Day 1: It’s pretty bad so far, but one big win is EU gas prices just fell back to pre-Putin’s war levels
Welcome back from the nightmare that was 2022.
Big, dumb war.
Energy prices go crazy. Inflation is not transitory.
Central Banks go to work, tightening.
Inflation led by higher energy costs gets worse.
June has a bit of a stock crash led by tech which is now just, ewww, total trash.
Wall Street ends with its worst calendar year performance since the GFC in 2008.
The benchmark S&P 500 is about 20% smaller. The Dow Jones Industrial blue-chip index is about 9% lower.
And the most average average of all is the tech-heavy Nasdaq which lost a full third of its value with an unriching but mathematically convenient 33% drop for the year.
After nigh-on 3 easy-as years of straight, stonking gains, global markets touched the outer atmosphere and came tumbling came back to earth in a crap year for many.
European stocks ended lower last week, as they did often in 2022 but, like the ASX, they posted their worst annual performance since 2018.
That’s not too bad considering Wall Street’s Year of Shame and the fact that there’s a big, dumb winter war on their doorstep, a power crisis, a slowing economy, crazy-pants surging inflation and all-round, possibly co-ordinated and certainly aggressive central bank tightening with Christine Lagarde at the wheel, it doesn’t seem done by a longshot.
The Stoxx Europe 600 Index closed the last session of 2022 with a 1.3% drop, taking yearly losses to 13%.
Volumes were lighter than average last week as the French gave up and the UK and German markets closed up shop after lunch on Friday.
The FTSE 100 enclosed 2022 with a sneaky annual gain of almost 1%. That was well done. Certainly when compared with the rest of us and OFC the DAX next door – Index slumped 12%.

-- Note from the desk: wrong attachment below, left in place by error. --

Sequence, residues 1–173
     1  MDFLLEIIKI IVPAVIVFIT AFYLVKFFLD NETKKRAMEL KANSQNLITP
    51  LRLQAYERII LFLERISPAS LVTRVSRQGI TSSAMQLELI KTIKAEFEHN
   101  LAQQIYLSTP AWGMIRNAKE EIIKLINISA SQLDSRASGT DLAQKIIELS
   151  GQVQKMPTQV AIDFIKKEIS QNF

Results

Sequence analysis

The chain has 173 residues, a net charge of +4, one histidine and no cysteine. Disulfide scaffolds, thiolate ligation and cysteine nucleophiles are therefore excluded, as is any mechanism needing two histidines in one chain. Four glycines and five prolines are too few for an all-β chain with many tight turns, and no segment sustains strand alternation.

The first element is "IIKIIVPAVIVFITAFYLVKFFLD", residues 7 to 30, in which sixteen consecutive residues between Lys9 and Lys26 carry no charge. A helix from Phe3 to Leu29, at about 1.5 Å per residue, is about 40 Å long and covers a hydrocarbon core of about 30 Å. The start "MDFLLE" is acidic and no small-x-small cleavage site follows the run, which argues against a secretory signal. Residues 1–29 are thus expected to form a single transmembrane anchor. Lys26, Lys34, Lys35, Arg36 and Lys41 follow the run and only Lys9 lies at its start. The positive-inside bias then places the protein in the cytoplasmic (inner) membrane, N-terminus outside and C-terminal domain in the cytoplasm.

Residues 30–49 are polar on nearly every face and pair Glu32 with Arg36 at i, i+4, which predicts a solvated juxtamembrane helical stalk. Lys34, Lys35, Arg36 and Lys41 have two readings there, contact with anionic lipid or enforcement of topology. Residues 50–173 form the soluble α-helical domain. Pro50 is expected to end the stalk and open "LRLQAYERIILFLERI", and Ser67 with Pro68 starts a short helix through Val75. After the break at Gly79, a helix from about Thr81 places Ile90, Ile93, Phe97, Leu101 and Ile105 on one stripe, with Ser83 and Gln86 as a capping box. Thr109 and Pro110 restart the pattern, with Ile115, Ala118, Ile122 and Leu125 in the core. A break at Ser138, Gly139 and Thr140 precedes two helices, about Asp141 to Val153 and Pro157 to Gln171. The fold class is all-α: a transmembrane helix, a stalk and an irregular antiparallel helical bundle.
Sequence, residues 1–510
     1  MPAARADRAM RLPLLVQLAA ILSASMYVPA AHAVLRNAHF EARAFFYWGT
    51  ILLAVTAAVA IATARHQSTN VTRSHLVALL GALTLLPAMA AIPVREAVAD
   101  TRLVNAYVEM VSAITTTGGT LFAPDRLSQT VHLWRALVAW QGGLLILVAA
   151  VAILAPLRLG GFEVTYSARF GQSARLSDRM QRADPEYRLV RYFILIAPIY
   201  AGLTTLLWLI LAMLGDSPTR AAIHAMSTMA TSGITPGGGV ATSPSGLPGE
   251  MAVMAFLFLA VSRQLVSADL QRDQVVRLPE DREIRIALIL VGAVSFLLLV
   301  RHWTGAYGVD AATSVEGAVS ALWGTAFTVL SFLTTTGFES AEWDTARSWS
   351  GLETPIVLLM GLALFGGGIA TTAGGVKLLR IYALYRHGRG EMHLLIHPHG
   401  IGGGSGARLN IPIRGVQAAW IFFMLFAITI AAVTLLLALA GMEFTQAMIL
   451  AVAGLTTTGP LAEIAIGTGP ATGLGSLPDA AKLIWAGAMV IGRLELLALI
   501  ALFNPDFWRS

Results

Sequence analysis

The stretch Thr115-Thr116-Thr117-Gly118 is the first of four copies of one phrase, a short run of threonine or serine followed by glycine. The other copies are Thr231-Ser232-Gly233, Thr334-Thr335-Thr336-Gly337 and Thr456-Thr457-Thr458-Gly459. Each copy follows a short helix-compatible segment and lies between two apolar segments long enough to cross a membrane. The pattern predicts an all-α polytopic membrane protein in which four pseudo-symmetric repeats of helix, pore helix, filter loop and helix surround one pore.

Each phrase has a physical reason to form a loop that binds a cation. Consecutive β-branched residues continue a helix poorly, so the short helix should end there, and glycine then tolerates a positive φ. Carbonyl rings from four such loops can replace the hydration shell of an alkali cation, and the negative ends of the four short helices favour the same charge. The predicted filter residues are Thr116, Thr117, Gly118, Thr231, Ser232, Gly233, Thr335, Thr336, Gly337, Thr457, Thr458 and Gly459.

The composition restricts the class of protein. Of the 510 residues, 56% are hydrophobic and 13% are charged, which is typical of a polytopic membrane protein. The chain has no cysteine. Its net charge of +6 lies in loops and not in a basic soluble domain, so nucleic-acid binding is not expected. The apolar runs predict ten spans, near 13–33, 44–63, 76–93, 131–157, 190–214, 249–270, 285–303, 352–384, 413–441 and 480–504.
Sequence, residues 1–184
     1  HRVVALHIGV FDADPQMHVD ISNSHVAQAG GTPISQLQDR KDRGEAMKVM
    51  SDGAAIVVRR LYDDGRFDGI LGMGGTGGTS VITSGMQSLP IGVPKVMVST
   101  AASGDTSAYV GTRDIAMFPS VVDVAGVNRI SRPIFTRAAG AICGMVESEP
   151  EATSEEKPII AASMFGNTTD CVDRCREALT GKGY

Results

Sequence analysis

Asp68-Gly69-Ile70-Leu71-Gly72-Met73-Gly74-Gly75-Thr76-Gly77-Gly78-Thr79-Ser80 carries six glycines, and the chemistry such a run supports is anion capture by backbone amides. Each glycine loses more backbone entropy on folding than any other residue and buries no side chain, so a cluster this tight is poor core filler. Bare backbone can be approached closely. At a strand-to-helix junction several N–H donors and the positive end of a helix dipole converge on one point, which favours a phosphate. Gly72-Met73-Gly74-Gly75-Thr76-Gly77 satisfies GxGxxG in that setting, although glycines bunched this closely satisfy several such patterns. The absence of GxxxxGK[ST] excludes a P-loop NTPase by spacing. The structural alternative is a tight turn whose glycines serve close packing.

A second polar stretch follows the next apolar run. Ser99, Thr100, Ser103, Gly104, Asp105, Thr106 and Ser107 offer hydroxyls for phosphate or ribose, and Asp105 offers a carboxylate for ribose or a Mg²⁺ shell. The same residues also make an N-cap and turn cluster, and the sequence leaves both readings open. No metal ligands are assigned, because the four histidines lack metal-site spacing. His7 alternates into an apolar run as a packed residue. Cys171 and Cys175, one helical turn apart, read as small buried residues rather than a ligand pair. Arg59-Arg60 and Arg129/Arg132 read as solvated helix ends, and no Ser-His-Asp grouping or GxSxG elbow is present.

That slide was peanuts compared to Germany’s MDAX – which tracks the market’s next tier of market cap, mid-sized industrials, (or the mid-caps).
Those losses doubled compared to the daddy DAX, during a year of incredibly high energy prices.
The CAC 40 Index lost 9.5% last year to close at 6473.76, that’s its biggest fall (in points) since the GFC of 2008 and it’s worst in percentage terms (like us) since 2018.
Eek. Just imagine the bloodletting if the CAC 40 hadn’t gained a huge 12.5% this quarter (see September/October below!)
So in tweet-length summation – round the ground, rising interest rates have yet to throttle inflation, nor calm overheated economies.
There’s equal worry-weight on inflation, recession and central banks tightening too much or too late.
And now for the good news out of Europe, where crazy hot winter weather has helped ease natural gas prices here to levels unheard of since Russian President V Putin went ahead and invaded Ukraine anyway.
The EU benchmark contract – a Dutch thingy whose acronym is like … (DTTF?) has literally bottomed out over Xmas to return to around 78 euros per megawatt hour (MWh), which was last seen in February 2022 — just as those Russian units were amassing along the Ukrainian border for a training exercise, then a ‘special military something’ and finally a poorly executed but now full scale invasion of Ukraine.
Front-month natural gas futures on the Dutch Title Transfer Facility (TTF), the benchmark contract in Europe, plunged in recent weeks to bottom out below 77 euros ($81.91) per megawatt hour.
There’s totally a heat wave in this European winter, a welcome, if likely to be brief respite for gas prices which, at their mid-year peak stood alarmingly at 345 euros MWh as Putin’s weaponisation of the EU gas supply helped drive demand in a hot summer.
It might not last, but this is the kind of turn around headline which makes a window of negotiation less absolutely impossible.